I finally lost my shit and had a pandemic meltdown.
It could have been the stress of remote learning without reliable internet. Or it could have been that the grocery store keeps running out of essentials that I need.
Hell, it may have been that I’m too stressed out and tired to have any intimacy with my husband.
Whatever the flashpoint was, the memory of me standing in my kitchen while banging my fists against the counter, and shrieking and crying until I couldn’t breathe has been blurred.
I had the mother of all meltdowns, and my entire family got to witness the spectacle.
Of course, they did, we’re in a fucking pandemic; where else would be they be?
For the record, my husband is a hands-on father. He participates in nearly every aspect of raising our three kids.
But I’m still the default parent no matter how progressive we think we are treating our traditional roles.
The consequences for me personally have come into a sharp focus, and it’s an ugly image.
I am the manager of three different remote schooling schedules, daily professional workload, cooking, cleaning, and trying to keep everyone as close to happy as possible.
And I cannot take it anymore.
For some context, we live in a rural place where 68% of our state doesn’t have adequate access to highspeed internet because the infrastructure doesn’t exist yet.
When my kids have remote learning, we often have to get into the car and drive around with our hotspot to find a signal strong enough to stream video classes.
School lessons that ought to take two hours a day are taking us six or seven to complete.
The pandemic has made daily life a frustrating ordeal.
The distance between my house and the closest grocery store is a 20-minute drive, and there are no food delivery options.
Amazon Prime packages are taking two or three weeks to arrive instead of two or three days, making it impossible to get basics either nearby or online. But SURPRISE! I never know which supplies won’t be available because how do you predict what will get jacked up in the national distribution chains next?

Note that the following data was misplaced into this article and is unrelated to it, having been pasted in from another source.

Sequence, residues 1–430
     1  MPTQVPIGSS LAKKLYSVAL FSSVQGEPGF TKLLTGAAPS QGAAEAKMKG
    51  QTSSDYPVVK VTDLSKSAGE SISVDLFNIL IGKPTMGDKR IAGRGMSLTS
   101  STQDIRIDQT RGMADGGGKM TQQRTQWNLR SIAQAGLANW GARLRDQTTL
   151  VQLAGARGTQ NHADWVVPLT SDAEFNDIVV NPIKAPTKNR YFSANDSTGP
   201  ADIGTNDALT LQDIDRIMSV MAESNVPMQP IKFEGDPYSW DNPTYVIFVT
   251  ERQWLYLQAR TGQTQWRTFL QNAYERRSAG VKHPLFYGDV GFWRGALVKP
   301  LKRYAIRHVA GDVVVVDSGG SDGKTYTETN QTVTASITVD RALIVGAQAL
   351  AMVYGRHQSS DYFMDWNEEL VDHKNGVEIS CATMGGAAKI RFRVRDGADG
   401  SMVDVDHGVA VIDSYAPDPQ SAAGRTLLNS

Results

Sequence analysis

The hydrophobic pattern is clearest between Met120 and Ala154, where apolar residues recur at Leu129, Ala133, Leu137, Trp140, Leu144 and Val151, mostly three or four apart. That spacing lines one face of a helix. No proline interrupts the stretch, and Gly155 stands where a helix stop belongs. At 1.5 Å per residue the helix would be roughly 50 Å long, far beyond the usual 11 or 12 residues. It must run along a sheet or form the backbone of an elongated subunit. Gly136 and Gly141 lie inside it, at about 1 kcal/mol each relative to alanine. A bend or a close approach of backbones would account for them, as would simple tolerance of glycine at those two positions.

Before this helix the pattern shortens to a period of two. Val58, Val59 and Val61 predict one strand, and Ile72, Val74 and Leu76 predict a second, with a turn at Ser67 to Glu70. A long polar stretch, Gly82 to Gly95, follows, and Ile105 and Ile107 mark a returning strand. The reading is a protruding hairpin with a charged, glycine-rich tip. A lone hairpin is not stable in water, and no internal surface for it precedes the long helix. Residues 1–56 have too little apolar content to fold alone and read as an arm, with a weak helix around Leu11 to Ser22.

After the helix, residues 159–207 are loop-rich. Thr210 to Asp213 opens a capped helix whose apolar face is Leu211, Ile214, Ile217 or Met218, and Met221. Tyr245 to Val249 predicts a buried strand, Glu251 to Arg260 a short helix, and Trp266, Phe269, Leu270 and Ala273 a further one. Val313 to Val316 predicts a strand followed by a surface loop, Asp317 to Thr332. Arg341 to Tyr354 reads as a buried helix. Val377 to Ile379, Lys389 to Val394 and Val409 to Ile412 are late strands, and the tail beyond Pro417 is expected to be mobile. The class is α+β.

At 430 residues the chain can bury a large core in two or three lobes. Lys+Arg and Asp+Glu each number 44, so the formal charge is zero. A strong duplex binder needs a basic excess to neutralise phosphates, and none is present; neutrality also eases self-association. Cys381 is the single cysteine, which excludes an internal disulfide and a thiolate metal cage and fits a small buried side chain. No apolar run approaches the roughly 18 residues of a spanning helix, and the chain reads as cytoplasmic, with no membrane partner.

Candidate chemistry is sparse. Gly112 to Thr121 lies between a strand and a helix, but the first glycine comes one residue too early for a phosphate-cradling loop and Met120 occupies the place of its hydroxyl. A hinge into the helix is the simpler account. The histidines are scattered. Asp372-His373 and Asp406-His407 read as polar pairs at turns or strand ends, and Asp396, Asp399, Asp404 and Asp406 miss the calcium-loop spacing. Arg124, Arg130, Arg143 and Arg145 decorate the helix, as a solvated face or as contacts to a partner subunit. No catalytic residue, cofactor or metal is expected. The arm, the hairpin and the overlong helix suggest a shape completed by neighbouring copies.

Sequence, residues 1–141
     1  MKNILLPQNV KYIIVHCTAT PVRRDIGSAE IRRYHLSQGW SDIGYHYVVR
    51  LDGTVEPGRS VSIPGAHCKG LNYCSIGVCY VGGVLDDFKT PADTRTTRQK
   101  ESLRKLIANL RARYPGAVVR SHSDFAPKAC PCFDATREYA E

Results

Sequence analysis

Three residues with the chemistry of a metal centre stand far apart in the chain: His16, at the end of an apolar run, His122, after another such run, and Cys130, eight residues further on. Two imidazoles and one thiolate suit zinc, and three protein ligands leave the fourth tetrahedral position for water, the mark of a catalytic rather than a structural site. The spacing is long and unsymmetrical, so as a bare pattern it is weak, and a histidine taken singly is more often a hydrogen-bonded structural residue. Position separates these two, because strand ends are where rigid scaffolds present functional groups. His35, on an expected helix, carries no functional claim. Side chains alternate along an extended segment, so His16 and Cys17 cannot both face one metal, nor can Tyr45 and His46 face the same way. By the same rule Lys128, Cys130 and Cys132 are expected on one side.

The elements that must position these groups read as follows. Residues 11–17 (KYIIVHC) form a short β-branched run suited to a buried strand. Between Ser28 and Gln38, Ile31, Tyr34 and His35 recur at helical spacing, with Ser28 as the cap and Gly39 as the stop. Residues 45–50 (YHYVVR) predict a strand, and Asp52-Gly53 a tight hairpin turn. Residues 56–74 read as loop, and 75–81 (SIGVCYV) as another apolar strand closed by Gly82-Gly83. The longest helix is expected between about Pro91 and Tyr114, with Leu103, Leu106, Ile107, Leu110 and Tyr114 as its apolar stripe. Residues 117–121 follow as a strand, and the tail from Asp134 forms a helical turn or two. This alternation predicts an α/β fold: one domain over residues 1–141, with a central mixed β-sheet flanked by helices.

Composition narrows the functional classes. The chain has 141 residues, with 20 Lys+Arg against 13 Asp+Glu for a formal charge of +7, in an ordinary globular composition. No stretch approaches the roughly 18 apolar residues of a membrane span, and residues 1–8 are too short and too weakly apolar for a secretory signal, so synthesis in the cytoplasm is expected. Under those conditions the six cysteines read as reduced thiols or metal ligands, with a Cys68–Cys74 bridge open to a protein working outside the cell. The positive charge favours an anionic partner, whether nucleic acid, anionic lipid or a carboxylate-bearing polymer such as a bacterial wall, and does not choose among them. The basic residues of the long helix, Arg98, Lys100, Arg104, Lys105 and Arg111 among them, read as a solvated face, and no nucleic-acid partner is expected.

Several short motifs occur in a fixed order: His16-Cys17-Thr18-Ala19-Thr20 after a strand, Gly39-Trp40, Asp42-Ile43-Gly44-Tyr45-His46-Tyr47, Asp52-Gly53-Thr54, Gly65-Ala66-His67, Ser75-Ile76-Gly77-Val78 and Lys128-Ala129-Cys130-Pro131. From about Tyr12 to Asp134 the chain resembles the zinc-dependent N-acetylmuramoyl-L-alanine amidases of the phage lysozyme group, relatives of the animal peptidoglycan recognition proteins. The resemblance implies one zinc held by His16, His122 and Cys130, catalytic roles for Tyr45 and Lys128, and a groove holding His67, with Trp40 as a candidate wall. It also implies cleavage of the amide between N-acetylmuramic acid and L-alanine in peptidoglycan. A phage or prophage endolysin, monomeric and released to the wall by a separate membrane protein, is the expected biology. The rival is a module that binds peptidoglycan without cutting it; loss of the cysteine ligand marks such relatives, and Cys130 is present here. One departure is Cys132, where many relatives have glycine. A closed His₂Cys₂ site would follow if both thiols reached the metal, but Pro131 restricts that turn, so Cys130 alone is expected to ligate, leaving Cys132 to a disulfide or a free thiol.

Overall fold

This strain is on top of the fear of losing our health insurance, jobs, and rights thanks to a terrifying political climate that gets blasted at us every time we turn on media.
In a singular moment, I had had more than I could take, and I completely freaked out.
I slammed my fists down on the counter hard enough to pop a coffee cup just slightly into the air next to me, sending it skidding down over the edge of the counter and smashing on the floor.
I wailed a guttural cry that felt louder and heavier than my frame could contain, and it felt at once cathartic and frightening.
I do not feel guilty, though. I earned this damn freak out. This is possibly the most crucial part of my story.
Mothers hold already hold on to too much emotional and mental load.
This pandemic is unraveling many of us in ways that are both subtle and violently raw.
I’ve heard many women tell me that they lost it over something that seemed trivial and then they felt immediately terrible and I can’t help but feel like there is a missed point there.
We shouldn’t have to be bearers of burdens for everyone.
We should be allowed to let this shit go and to feel confident in demanding that our needs are met without guilt creeping in.
After a few quiet days at my house, I calmly explained all of these feelings to my husband.
I asked him to please stop forcing me to be the person who automatically tends to the needs of our whole family.
He is capable, I told him. I trust him, I explained.
I need him to step up more, and he agreed.
And now, we’re untangling the last 15 years of assumptions we’ve held about what each of us is responsible for. My pandemic meltdown has been revolutionary for our marriage, but it hasn’t fixed the real-world problems that plague our household but that are out of our control. It’s not my fault there is no bleach or flour at the store.
One problem at a time, though. And I absolve myself from feeling obligated to figure them each out.